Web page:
Nature News in Review – Week Ending May 1, 2009


Scientists have identified why excessive fertilization of soils is resulting in a loss of plant diversity.

Lake Baikal’s algae are particularly vulnerable to expected reductions in the length of time the lake is frozen each winter.


Well, a virus is roughly “fauna,” and since it seems to be foremost in many people’s minds, here’s a good source of information about the H1N1 (“swine flu”) virus.

Western Australia’s coastal islands survey reveals surprising biodiversity, twenty-seven new species of snails, and a possibly even a solution to the Cane Toad problem that has long plagued the country.

Natural Resources and Public Policy

The Obama administration is reversing many of the potentially damaging anti-environmental regulations rushed through in the Bush administration’s final months.

Despite the government ban, the spring bird hunting season in Malta continues.


BirdNote – State birds, birdsong identification, woodcocks, Rudy-throated Hummingbirds, and more.

Green Week in Review – Climate change, restoration of the Endangered Species Act, the U.S. Department of Agriculture’s plans to conduct the first ever survey of organic farming, Renewable Electricity Standards (RES) and electricity costs, and the world’s first low carbon fuel standard.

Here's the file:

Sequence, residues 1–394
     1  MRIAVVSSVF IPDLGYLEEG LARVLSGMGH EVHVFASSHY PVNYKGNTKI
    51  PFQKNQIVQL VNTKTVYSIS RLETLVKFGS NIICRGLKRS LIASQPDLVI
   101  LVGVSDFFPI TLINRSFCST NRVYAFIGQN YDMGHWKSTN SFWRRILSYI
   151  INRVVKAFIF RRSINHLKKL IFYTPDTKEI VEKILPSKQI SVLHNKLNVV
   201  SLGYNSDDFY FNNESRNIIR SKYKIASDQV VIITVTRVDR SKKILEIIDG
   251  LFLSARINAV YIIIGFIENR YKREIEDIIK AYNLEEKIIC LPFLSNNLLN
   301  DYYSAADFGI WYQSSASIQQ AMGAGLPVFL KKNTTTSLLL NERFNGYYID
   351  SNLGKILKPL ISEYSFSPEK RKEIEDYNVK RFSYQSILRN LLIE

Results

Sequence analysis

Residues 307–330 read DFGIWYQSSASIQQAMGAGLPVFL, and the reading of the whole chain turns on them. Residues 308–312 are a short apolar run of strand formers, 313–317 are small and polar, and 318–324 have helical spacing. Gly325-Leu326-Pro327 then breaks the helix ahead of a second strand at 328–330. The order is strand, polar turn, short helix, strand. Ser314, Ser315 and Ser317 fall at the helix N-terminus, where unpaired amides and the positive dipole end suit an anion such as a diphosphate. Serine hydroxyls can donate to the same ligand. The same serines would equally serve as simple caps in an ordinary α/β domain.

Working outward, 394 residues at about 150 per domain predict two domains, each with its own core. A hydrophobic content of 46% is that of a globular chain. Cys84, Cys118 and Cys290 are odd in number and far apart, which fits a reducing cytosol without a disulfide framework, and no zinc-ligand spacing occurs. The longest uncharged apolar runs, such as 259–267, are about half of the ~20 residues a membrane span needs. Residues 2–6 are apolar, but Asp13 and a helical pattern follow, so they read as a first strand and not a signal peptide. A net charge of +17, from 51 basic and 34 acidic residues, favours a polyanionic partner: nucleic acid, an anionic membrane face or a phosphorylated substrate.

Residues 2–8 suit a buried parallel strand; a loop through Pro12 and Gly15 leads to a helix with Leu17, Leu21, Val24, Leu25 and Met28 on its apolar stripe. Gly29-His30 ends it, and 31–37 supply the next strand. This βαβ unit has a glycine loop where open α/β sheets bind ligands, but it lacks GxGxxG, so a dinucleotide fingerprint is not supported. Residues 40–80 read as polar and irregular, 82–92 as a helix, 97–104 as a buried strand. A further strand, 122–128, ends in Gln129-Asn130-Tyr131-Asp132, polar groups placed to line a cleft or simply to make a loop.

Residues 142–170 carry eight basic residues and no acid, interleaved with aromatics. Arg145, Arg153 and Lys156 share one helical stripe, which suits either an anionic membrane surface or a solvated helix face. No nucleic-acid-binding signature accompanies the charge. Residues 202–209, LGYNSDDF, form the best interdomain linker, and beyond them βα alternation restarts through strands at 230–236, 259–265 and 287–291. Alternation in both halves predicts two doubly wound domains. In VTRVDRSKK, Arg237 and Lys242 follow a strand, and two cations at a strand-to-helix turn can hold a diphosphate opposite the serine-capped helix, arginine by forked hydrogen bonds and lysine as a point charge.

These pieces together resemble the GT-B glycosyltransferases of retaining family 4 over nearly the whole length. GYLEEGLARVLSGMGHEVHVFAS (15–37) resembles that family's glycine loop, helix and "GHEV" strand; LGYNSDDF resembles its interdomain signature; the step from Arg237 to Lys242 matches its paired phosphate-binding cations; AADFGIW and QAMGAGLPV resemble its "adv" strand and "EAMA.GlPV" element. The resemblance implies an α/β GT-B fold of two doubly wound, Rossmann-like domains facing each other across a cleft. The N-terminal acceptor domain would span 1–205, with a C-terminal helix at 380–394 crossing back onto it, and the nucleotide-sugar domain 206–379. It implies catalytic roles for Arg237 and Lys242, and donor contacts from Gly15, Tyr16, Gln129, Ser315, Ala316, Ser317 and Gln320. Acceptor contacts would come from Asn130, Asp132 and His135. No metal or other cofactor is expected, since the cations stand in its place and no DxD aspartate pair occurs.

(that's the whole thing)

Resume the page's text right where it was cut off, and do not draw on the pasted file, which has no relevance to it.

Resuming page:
Nature – What would the world would look like at 1,000ppm of CO2? Tune in and find out.

Nature Stories – Sandhill Crane migration.

On Six Legs – Springtime flies parasitising earthworms. (This edition doesn’t seem to be on the website yet but subscribing via iTunes will show it as available.)

Sierra Club Radio – Maria Gunnoe and Yuyun Ismawati, two of the winners of this year’s Goldman Prize, the premier international award for environmental activism, and filmmaker Curt Ellis on his new documentary, The Greening of Southie, about Boston’s first residential green building.

This Birding Life – Just in case you missed it, Episode #19 features Julie Zickefoose reading her essay “Love and Death Among the Cranes.”